Regardless of age, women are a valuable part of the workforce. From baby boomers to millennials, women who continue to work through life changes are a valuable asset to organizations that are dedicated to training and developing their workforce. Since the post-recession era in the late 1990s, there has been a steady exodus of women from the workforce, even though women are pursuing advanced degrees in a rate that outpaces their male counterparts. Why are women excluding themselves from promotion and executive-level management, and what can corporate America do to ensure that everyone, regardless of gender or race, has the most opportunity available to them based on their skill-set?
Here are four substantial strategies organizations can implement to ensure workforce equality and success:
Performance reviews should be based on performance, not perceptions. Performance reviews are already dreaded by most (managers and employees alike), but they don’t have to be. Shifting performance reviews from a stressful, fear-based model, to one that identifies and celebrates an employee’s achievement based on data and other validated inputs is beneficial for all parties. Using verified achievements, in the form of digital credentials, removes the anecdotal bias from performance reviews.
Recognize what makes a great manager in your organization. Female managers are consistently better at engaging employees than their male counterparts are, which leads to higher financial performance in an organization. The bottom line: when employees are engaged at work, they tend to stay in their roles longer. Less turnover means less money spent on recruitment and retention.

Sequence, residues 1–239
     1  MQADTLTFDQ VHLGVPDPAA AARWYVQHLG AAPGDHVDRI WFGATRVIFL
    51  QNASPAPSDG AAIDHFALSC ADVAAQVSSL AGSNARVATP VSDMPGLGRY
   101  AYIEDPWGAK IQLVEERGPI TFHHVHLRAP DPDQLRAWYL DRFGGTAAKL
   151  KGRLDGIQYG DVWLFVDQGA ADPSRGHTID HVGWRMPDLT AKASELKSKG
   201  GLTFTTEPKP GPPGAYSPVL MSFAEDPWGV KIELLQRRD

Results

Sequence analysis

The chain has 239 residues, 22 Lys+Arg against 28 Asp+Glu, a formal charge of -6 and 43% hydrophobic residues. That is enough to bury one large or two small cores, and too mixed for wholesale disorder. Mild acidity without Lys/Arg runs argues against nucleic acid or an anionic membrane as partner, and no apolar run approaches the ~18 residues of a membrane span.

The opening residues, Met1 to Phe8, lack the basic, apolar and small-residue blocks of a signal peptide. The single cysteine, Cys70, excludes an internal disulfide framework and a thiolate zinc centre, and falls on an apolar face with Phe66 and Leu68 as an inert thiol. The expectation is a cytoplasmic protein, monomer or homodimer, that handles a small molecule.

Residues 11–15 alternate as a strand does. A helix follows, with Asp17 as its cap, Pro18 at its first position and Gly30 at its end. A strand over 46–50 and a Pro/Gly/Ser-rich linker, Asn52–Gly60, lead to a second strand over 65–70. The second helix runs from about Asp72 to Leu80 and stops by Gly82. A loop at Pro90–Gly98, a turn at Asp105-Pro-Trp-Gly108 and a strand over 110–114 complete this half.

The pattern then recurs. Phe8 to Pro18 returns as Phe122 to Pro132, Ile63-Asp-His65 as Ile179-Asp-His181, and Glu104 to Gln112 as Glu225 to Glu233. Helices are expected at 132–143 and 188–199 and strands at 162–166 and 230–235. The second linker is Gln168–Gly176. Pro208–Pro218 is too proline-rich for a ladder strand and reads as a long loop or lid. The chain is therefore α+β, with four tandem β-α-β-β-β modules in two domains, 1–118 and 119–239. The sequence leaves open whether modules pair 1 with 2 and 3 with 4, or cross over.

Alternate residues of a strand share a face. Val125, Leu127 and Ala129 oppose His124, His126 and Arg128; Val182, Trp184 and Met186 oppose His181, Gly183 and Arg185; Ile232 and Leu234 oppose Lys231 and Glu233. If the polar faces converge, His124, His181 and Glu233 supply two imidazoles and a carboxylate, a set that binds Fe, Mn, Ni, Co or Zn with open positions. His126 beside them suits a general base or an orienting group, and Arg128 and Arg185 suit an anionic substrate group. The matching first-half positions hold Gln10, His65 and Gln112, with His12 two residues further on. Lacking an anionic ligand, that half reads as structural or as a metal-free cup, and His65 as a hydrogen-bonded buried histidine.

Create a culture of trust and transparency. Job benefits, such as remote work, a casual dress policy, and flexible time off, encourage working moms to stay in the workforce after they’ve had children. It’s not just working moms who care about the perks - when employees are trusted to do their jobs, whether at home or in an office, they tend to work more efficiently and provide higher value to the organization. Creating a culture of trust that emphasizes work/life balance removes barriers for women to make it to the C-Suite.
Focus on your employee's strengths - not stereotypes. This should go without saying, but it’s illegal to discriminate a potential job candidate based on their gender, race, sexual orientation or physical disability. That doesn’t mean it doesn’t still happen in corporate America. Women are often removed from consideration of management positions after having children, oftentimes because their manager assumes they can’t take on the responsibilities that come along with a higher title. Not true, say most women. The threshold is the same for both working moms and men alike: fifty working hours a week maximum, reasonable travel, and time off when needed.
Every forward thinking organization can take steps to transform their culture to become one of inclusivity and acceptance. This inclusivity doesn’t have to include only women, but any demographic who is often discounted from advancement. If you’d like to learn more about how your organization can reduce gender bias in the workplace, download a copy of our free white paper, “Reduce Gender Bias in the Workplace: How Digital Credentials Can Surface Competency and Level the Playing Field.”